Greetings variably adorable readers. My name is Juan Andrés Pérez, senior artist and character animator at Freaky Creations. So, today I’m writing about the difficulties I’ve experienced in animating in 2D for a video-game rather than a 2D cartoon.
Well, I’m a self-taught animator, I’ve been animating for about three/ four years now, mainly focusing on 2D frame to frame animation, before that, I did illustration, mainly comics.
I started learning animation when a small audiovisual club at college came up with the idea of making a short pilot of a cartoon, with quality enough to sell it to a foreign network (Cartoon network, nickelodeon, FX kids, you name it), it sounded like a nice dream, but then and there nobody knew how to animate in 2D for real.
So over the course of six months the club diminished, and another six months later the project was cancelled, as only two people remained (myself included), with roughly eight minutes of animation almost completed (it was a 13 minutes pilot).
Learning while making a big project was a revealing experience, by the end of the project I had drawn so much of the same character that I drew him way better than when I started, not to mention the difference in animation quality, whereas at the end of the project all characters moved more fluently than at the beginning where they hardly moved.
I also had to grew to really love animation, ‘frame to frame’ is really hard, it takes a lot of time and most of it you are drawing and redrawing the same character over and over.
By that time I started working with the Freaky group, who was also learning how to make games and, dude, the difference was huge.
When working on a cartoon you:
- Write the script.
- Draw a storyboard.
- Plan the whole project.
- Make an animatic (preferably), which is a slightly animated storyboard that helps with timings and that stuff.
- Find the voice actors and record the lines (some people record themselves ’cause of lack of time and voice actors, but then it’s harder to re-sync the character’s lips).
- Finally, hands on to animate until the end of the project (and then obviously post-process, edit and rendering).
But it’s best to change as little as possible ’cause too many changes mean repeating work and with almost zero budget, a lot of things can go wrong.
Sort of like a movie, just way smaller. Sounds neat and all, but in the gaming industry (at least in my short experience) you have to animate during weeks possibly, and be prepared for your work to be tossed away. Maybe for many of you this is normal, but for me it was a big shock (as for the other artists as well) to have to repeat work because it didn’t work on the game, the process of iteration then became one of my new friendly enemies.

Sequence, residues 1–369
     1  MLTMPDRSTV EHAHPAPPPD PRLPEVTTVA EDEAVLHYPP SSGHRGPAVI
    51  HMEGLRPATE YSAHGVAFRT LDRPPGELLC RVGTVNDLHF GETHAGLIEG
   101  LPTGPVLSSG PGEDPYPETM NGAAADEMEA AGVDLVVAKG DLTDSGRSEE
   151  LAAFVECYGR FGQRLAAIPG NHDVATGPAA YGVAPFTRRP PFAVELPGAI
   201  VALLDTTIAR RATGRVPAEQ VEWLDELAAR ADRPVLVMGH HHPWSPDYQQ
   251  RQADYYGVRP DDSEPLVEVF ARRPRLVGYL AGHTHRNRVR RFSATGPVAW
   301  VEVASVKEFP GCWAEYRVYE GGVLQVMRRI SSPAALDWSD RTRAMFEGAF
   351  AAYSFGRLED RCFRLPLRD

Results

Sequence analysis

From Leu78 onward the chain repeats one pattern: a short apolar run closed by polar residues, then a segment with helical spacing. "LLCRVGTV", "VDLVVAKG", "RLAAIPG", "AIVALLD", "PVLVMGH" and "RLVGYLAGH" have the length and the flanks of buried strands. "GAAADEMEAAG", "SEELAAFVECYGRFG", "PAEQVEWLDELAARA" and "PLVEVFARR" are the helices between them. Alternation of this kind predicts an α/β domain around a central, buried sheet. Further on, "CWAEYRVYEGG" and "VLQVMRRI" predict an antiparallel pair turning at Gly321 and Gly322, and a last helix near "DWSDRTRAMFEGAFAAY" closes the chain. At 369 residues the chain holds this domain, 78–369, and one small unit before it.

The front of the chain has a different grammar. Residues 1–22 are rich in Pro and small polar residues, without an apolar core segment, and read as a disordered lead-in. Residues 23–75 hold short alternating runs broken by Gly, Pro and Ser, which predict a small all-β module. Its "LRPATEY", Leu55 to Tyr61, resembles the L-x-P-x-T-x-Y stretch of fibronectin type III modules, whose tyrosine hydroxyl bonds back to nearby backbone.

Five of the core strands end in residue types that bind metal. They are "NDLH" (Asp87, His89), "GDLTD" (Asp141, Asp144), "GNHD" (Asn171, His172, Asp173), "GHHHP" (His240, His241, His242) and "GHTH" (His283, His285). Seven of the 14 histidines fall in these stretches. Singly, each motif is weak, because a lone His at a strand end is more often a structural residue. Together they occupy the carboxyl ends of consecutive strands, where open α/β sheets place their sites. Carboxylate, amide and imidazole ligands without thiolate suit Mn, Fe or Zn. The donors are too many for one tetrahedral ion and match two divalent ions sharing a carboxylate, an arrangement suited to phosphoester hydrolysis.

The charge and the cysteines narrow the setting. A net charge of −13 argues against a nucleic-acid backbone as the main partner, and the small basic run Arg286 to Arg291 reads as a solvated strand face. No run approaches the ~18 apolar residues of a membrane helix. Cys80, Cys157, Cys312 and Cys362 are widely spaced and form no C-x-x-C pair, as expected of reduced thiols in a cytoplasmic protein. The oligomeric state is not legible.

If you are like me, you would paint a piece, give it your best, finish it, and never touch it again. So it’s hard to let your work go when you’ve poured so much of yourself into it like that.
One of the first things I had to learn the bad way was that a game is, in the end, a piece of software, sure there are artistic ways of looking at it, but nevertheless you click on an executable file, the program opens, and you begin playing. I think that knowing that fact and to keep it in your head while developing can make some things easier, especially if you have no background in programming and that stuff.
As we are making a 2D platformer, sometimes the character is pretty far away and sometimes, nastily close. So I had to animate Harm (To Leave’s main character), with very little pixel space (256×512), trying to fix the face was a nightmare (lol).
In a TV show you just pose and draw the character for specific actions, if you take in account future episodes you draw some poses and animate clips that can be reused in the future (like Ash from Pokémon choosing Pikachu the same way each time). In a 2D video-game you have to animate every possible action a player can make, in every direction, that costs a bit for the brain to process.
In conclusion Changing from animating a TV directed cartoon to a videogame can be bit overwhelming at the beginning but overall, I think that being able to touch and interact with some of the work you’ve done, is one of the best experiences I’ve had.
¿What have I done with my life?